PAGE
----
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A New Edge for an Old Brokerage House
In late June, Bank of America’s (BAC) Merrill Lynch launched a discount brokerage branch, Merrill Edge. The new online platform should help one of the largest financial institutions in the United States fill in some gaps management planned to address in its business mix, and better position the company for long-term growth.
Merrill Edge combines Bank of America’s banking strength and existing online infrastructure with the in-house research, investment products, retirement-planning tools and advisory call center Merrill Lynch developed before the two financial stalwarts merged in January, 2009. This new system should help current clients to more effectively manage their investments, savings, credit, banking needs, and retirement assets. Edge’s design, specifically its online platform, phone channels, and branch offices, ought to attract self-directed investors who may consider taking advantage of supplementary services or investment guidance.
In the past few years, Merrill lost significant business to mutual fund families like Vanguard and Fidelity. In addition, many of its customers have been drifting to online brokerage accounts as a cheaper alternative to perform basic trades. The company was being threatened by not only the lost assets, but by the fact that it was losing customers to the valuable complementary services mutual-fund organizations and e-brokers were providing, such as those addressing clients’ more routine online banking needs. Merrill Edge ought to help the company recapture the assets that its customers scattered among competing financial firms. Also, this move should provide its current clientele with a full-service experience so that they will not take their business elsewhere.
Bank of America’s existing online brokerage accounts will be transferred to the new online platform over the course of the summer. Looking ahead, we think that the financial stalwart will be able to build its client base thanks to the various services it will offer.
Still, Merrill Edge may face stiff competition in the online marketplace. Discount brokers like Charles Schwab (SCHW), E*TRADE (ETFC) and TD Ameritrade (AMTD) have bolstered their businesses and extended their market reach over the last few years. To this end, they have relied on technological innovations to help distinguish themselves from one another, building their competitive advantages with the introduction of new tools and products, tailored to their individual client bases. In addition to these online brokerage houses, Wells Fargo (WFC) is also creating an online platform.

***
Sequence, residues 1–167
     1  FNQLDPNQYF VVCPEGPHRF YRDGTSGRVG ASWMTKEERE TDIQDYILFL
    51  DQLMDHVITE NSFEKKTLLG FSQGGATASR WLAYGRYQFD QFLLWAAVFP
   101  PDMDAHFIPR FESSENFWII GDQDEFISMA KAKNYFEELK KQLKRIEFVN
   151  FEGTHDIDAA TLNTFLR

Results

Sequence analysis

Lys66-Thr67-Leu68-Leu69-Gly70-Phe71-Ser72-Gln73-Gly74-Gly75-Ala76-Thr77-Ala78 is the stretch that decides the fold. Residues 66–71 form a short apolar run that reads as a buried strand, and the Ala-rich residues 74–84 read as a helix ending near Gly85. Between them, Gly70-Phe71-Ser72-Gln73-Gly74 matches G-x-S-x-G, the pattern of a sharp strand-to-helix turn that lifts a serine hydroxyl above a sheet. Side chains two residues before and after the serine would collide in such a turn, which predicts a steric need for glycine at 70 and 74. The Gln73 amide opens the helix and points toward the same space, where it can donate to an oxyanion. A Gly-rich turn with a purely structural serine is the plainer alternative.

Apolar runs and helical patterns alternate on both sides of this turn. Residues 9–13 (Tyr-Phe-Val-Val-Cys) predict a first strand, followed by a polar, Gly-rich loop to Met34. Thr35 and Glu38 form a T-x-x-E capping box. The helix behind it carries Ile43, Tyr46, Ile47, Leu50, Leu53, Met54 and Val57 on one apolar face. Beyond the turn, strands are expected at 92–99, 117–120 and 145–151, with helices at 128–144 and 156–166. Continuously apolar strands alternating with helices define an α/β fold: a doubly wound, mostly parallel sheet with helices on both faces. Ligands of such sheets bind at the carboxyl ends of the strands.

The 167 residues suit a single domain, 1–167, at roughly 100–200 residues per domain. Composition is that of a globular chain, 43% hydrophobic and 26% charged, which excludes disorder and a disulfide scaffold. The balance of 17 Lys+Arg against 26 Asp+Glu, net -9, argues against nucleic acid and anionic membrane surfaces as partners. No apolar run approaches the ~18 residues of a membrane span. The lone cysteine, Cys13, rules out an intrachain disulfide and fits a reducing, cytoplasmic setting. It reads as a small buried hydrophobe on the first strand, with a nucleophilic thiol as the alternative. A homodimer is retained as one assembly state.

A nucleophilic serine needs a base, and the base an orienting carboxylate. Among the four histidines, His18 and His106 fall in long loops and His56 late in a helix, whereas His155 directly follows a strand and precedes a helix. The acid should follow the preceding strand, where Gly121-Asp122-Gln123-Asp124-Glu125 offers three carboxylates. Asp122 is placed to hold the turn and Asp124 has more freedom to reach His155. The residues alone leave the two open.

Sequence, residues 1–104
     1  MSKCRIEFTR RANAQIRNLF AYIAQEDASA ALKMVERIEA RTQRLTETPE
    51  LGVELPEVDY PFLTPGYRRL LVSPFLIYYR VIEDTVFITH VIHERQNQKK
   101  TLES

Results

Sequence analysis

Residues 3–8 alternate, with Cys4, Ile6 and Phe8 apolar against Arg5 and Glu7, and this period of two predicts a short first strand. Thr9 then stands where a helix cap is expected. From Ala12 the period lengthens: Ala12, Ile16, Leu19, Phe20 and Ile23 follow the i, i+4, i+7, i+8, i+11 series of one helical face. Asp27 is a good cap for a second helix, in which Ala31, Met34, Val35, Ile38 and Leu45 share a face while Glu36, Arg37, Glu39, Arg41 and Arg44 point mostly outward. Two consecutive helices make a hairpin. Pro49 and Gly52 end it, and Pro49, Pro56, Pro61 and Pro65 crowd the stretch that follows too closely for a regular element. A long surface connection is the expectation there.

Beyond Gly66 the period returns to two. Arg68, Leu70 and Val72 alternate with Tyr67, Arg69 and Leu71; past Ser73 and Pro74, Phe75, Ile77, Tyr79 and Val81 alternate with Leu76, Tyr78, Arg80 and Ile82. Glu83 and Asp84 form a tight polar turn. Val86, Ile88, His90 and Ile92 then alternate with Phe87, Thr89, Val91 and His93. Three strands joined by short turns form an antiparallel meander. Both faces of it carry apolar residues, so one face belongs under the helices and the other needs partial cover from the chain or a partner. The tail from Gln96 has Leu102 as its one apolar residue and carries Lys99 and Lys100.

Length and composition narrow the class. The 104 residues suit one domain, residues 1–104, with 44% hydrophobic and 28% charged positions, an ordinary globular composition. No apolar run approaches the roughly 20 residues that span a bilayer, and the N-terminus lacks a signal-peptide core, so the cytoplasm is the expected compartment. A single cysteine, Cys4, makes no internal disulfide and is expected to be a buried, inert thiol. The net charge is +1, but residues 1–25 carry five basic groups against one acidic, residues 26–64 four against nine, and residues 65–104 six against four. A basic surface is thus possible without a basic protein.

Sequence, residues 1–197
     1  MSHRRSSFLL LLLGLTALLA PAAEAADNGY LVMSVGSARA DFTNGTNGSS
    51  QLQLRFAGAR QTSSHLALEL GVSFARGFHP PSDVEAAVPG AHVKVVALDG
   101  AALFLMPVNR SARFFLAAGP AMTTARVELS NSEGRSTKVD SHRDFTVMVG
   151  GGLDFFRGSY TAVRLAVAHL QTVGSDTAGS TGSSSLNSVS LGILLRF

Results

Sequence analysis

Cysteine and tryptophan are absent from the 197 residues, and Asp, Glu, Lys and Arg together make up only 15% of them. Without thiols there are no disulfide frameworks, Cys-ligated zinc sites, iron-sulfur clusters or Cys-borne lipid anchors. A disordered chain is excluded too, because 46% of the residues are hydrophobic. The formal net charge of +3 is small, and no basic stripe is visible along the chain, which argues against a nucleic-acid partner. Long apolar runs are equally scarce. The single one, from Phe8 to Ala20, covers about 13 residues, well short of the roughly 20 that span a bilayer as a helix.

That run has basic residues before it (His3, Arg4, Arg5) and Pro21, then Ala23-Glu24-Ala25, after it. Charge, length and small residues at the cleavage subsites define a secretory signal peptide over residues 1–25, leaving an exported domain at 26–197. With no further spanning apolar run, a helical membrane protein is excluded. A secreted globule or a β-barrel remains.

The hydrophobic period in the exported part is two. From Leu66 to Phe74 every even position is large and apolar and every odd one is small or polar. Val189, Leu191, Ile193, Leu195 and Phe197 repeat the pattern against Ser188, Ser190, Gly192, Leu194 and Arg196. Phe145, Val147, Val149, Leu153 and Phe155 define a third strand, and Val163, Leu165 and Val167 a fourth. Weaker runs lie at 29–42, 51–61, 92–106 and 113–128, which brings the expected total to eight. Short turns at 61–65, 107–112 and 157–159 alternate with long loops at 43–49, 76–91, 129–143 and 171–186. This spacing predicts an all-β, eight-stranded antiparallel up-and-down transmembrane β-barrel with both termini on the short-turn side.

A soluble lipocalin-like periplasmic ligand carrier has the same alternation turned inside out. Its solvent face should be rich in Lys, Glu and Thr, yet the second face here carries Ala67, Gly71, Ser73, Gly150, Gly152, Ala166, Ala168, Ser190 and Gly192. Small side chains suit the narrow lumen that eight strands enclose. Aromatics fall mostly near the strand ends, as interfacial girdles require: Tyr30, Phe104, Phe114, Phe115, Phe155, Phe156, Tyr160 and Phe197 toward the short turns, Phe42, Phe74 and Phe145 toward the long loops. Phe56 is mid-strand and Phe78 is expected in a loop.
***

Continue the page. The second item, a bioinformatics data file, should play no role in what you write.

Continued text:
It is unclear how much of a dent Edge will make in the pure-play e-brokers’ market share. For example, much of E*Trade and TD Ameritrade’s daily income comes from active traders. Merrill will most likely not target those who move in and out of the market, riding the highs and lows of the day. Also, the aforementioned discount brokers often concentrate on niche markets and have, therefore, catered tools and products to their specific clientele.
While Merrill Lynch will likely focus on clients with more than $250,000, Merrill Edge will instead target customers with fewer assets. Also, this division is designed for accounts that do not need the full- service treatment that Merrill Lynch traditionally provides. Still, branch offices and call centers are available should new customers desire a more conventional brokerage experience. All told, the company may well focus on a younger demographic than the wire houses traditionally attract. The younger generation is typically technologically savvier, and tends to appreciate the greater transparency, liquidity, and control of online accounts.
While some believe that this online platform will build brand loyalty, others are afraid that this move could tarnish the Merrill Lynch brand name. Investment banks have been long viewed as “members only clubs.” Therefore, this market expansion somewhat detracts from that air of exclusivity. Even though the Bank of America merger has affected the culture of the organization, it is unclear whether the patrons of Merrill Lynch are ready for the company’s new persona.
Personal investing has undergone a lot of changes over the past decade. Many brokerage houses have adjusted their businesses in order to keep pace with the needs of their customers. We think that Merrill Edge will enable Bank of America to keep up with market trends. Moreover, this new outlet should help showcase the benefits of the Merrill Lynch merger.